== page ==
Thursday, April 27, 2017

Five Steps to Successful Audience Targeting in Online Ad Campaigns

Five Steps to Successful Audience Targeting in Online Ad Campaigns

Marketers today face many challenges, no matter their industry. With competition coming from all angles and unshakable consumer "ad blindness," brands must find ways to reach niche audiences with the right messaging at the right time.

Audience targeting is synonymous with online advertising today. If you aren't sending your message to a specific audience, you are "spraying and praying"—a technique that works well if you have an unlimited budget and no one to answer to for campaign performance.

After you've implemented an audience-based tool, such as a data management platform (DMP), and started segmenting your customers and prospects into audiences, what's next?
Here are five steps for successful audience targeting, enabling you to pair audiences with the right messaging to communicate in more personal and meaningful ways, ultimately allowing you to reach your business goals.

Pixel your campaigns
Before you can start targeting your ads, you need to place a pixel on your properties (including your website and campaigns) to gather data about the audience. Pixels are small blocks of code on a webpage that allow websites to read and place cookies, which then passes anonymous information back to you about the person's behaviors online, including what pages they viewed.

For digital marketers who have used Google Analytics, this process should be fairly straightforward. Google Analytics uses pixels to track the path to conversion of your audience.

Most marketing technologies offer their own pixels to collect different types of data. So whether you are working with a DMP, a demand-side platform (DSP), or an exchange, talk to your vendor and make sure you are gathering the most information available.

Identify your clickers or converters
Pixeling your campaigns enables you to build an audience of "clickers" or "converters"— highly engaged audience members who are more likely to become your customers.

Once the audience is built inside your DMP or DSP and you have allowed a few weeks for data collection, to learn more you should dive into the analytics or audience profile about this valuable audience.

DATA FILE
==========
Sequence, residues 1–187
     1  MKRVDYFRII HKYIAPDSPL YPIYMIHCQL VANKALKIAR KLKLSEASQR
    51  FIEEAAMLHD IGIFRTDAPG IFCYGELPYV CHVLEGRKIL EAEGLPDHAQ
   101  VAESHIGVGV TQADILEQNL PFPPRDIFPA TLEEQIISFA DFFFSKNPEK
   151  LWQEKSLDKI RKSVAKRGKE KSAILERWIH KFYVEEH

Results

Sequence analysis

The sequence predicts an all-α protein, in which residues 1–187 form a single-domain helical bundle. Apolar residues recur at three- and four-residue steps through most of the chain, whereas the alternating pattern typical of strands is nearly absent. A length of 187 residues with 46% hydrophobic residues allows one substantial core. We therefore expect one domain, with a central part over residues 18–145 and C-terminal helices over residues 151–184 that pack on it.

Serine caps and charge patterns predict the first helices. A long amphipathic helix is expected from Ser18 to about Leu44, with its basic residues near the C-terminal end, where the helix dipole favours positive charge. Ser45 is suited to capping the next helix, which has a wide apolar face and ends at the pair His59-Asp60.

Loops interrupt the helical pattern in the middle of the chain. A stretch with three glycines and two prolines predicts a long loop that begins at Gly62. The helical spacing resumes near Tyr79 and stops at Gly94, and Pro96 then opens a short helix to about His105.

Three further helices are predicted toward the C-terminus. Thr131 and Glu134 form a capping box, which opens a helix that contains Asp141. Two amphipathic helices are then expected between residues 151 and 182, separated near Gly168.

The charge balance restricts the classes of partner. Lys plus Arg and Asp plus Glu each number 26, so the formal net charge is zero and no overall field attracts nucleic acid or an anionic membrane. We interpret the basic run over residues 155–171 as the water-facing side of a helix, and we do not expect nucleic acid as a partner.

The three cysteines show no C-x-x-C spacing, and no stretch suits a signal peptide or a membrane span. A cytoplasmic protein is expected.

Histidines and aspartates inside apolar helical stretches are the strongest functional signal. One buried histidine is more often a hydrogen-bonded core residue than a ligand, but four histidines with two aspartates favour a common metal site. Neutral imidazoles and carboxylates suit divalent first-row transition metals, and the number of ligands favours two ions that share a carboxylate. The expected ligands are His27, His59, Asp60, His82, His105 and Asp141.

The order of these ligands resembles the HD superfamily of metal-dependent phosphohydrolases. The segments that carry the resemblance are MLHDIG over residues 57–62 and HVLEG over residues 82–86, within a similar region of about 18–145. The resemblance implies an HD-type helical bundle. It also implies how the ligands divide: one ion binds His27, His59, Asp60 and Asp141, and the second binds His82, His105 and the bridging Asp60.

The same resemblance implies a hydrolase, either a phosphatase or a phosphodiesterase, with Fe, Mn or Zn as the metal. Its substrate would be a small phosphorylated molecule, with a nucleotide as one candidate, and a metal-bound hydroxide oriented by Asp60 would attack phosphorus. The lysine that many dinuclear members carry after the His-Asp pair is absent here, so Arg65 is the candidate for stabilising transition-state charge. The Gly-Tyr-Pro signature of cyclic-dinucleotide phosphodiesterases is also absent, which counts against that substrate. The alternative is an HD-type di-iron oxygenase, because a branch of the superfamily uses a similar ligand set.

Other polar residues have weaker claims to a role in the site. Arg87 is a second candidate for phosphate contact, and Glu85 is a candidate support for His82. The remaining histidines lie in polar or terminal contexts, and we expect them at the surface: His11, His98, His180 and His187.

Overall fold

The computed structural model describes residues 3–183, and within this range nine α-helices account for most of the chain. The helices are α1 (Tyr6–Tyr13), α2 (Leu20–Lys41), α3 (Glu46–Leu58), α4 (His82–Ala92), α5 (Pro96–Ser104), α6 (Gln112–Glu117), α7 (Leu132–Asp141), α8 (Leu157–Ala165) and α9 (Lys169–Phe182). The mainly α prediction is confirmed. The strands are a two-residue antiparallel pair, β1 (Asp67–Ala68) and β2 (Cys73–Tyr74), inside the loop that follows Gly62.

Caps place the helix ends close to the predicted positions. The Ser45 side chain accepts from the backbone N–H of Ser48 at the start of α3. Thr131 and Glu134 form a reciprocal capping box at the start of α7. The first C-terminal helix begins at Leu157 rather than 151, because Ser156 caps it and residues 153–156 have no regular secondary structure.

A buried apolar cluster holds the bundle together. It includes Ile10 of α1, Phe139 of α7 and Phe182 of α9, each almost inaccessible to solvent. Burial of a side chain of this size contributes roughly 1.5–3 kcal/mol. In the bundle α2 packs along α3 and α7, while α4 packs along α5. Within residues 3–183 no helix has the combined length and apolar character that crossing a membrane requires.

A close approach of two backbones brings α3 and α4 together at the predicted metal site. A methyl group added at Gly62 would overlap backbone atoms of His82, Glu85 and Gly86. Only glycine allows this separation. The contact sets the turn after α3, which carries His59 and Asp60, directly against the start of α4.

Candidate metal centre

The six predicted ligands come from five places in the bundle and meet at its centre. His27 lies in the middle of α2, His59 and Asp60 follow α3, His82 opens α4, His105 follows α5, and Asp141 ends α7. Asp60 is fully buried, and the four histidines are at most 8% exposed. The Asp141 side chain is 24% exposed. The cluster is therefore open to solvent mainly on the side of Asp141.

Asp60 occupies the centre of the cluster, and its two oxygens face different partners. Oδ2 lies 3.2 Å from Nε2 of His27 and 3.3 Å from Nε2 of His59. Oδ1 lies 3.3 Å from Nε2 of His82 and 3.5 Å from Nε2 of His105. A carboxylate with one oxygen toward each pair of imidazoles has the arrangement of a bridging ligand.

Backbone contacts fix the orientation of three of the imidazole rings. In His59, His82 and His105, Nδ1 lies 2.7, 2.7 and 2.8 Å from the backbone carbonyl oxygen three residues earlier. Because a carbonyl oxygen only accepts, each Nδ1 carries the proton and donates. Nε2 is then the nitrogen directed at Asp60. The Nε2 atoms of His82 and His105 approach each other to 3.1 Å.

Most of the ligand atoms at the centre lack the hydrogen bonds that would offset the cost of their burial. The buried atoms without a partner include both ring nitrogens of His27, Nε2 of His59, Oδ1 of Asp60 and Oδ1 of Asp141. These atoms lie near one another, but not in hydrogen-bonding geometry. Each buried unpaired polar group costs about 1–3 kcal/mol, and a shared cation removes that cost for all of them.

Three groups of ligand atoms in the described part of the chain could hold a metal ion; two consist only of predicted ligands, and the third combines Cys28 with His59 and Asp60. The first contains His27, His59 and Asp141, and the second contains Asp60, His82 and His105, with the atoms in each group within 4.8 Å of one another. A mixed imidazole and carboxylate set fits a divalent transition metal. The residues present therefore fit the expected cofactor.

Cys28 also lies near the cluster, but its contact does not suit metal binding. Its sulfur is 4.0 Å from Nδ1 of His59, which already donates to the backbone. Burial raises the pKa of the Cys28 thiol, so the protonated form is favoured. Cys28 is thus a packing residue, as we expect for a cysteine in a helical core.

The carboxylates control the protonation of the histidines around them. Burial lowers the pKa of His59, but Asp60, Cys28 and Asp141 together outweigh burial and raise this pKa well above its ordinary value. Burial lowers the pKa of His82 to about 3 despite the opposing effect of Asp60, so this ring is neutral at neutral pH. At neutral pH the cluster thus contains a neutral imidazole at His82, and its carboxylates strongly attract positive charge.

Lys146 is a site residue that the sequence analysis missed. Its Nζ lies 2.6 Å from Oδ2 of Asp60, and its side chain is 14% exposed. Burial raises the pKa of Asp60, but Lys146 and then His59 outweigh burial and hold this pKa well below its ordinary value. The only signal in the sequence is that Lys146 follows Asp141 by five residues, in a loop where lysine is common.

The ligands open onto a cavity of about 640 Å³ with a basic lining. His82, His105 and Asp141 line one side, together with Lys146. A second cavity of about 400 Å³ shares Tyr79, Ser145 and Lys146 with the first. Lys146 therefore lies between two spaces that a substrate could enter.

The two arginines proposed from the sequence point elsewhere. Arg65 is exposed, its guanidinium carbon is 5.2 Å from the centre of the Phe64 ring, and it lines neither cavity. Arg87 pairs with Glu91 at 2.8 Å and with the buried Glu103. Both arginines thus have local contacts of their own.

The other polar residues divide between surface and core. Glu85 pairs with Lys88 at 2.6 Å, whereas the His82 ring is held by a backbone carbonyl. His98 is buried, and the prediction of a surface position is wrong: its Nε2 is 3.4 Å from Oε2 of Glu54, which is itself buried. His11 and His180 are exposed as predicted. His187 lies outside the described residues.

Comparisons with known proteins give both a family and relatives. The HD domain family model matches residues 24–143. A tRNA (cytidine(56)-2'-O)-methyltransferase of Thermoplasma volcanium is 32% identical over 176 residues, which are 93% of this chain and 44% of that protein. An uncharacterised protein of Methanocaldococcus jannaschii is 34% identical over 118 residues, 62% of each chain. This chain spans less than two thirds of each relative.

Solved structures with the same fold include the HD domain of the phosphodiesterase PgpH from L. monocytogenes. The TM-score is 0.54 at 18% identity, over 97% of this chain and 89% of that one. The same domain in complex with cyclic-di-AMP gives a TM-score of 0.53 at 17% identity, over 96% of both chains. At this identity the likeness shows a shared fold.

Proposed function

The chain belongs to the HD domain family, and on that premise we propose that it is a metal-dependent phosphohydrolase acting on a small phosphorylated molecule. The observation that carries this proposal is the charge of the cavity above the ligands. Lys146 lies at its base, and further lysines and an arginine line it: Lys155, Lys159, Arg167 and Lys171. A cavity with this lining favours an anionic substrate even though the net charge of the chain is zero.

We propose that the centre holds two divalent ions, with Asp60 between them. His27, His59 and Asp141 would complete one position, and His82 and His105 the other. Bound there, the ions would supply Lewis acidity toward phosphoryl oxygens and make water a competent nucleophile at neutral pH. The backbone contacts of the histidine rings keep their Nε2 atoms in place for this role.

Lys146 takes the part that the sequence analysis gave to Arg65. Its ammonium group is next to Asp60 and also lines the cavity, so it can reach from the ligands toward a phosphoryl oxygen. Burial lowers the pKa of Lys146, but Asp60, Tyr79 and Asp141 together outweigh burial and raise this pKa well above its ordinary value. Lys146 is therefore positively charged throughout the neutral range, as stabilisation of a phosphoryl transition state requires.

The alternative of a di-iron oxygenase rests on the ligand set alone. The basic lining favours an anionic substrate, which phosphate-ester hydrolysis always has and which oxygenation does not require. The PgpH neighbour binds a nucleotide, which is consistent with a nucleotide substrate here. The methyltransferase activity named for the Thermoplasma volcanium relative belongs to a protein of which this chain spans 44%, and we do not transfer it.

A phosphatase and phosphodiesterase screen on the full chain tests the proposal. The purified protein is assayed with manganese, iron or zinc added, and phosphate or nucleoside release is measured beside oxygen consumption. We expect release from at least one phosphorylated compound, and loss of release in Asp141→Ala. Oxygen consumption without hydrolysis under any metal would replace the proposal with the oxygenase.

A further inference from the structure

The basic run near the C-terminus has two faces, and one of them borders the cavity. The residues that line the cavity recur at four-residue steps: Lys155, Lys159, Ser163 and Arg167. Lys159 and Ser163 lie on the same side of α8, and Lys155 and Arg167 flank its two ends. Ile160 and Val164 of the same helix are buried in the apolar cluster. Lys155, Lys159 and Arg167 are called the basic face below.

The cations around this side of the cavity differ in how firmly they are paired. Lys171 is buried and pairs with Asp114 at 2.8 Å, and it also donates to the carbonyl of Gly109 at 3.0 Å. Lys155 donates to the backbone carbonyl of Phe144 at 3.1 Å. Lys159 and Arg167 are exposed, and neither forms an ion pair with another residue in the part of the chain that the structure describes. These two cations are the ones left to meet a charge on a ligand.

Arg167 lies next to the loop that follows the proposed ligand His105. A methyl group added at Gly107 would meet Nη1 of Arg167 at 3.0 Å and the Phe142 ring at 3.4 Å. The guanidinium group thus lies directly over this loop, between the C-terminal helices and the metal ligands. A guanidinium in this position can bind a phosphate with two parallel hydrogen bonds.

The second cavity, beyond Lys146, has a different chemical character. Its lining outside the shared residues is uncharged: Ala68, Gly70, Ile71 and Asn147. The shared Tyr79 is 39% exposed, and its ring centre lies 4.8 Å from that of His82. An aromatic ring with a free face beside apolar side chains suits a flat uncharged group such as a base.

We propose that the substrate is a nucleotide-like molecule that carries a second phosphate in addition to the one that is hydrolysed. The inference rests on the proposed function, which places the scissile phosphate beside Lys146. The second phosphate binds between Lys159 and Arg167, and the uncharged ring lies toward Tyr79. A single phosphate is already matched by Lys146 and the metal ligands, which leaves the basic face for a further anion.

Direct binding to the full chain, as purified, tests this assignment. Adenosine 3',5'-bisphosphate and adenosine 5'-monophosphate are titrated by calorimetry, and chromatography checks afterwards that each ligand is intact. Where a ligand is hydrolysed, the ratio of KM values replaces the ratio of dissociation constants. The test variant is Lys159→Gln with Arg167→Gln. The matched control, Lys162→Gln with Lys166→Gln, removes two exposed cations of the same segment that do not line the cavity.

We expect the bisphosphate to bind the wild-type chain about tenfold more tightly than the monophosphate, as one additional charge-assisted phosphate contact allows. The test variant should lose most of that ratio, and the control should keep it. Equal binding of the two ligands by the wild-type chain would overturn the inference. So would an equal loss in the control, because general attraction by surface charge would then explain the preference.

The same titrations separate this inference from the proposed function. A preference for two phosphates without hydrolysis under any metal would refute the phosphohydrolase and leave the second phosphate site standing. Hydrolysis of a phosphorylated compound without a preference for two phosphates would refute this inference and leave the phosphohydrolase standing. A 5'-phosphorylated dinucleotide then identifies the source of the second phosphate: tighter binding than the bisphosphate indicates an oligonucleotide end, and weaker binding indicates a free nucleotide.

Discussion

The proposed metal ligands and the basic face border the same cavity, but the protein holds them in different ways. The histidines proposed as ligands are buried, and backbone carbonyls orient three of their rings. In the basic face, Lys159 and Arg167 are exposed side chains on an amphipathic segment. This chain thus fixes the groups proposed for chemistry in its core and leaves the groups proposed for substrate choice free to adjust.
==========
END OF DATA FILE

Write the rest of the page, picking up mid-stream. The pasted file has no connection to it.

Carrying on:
Most marketers have a good idea about who their target audience is. But the insights gathered based on your customer's online activity may tell another story. Until you get information on who your online audience really is, you may be targeting the wrong people. And that won't get you anywhere.

For example, you may think that your target audience is something like soccer moms, so you have spent your targeted advertising on women age 25-44. But the audience profile report may tell a different story. Maybe those most likely to click on your ads are people (not just women) with an interest in financial products.

Whatever insights you glean can be used for the next campaign. So instead of targeting soccer moms, try targeting a financial audience the next time around to see whether your clickthrough rate increases.

Personalize your messaging
In digital marketing, one size does not fit all. Not every customer responds to the same message. The goal of any campaign is to get the most bang for your buck, and send a message that resonates most effectively to your audience to drive sales or leads.

The insights gleaned from your audience can be used to customize your messaging for further enhanced engagement, or to find more of those people who may also become customers (known as "lookalikes").

For example, if you learned that those most likely to click on your ads are women who also love dogs, to resonate with your audience you may want to consider including dogs in your next marketing campaign.

Identify lookalikes
Once you have identified your ideal customer, you can purchase third-party data to reach more of your target audience that hasn't already visited your site or interacted with your brand.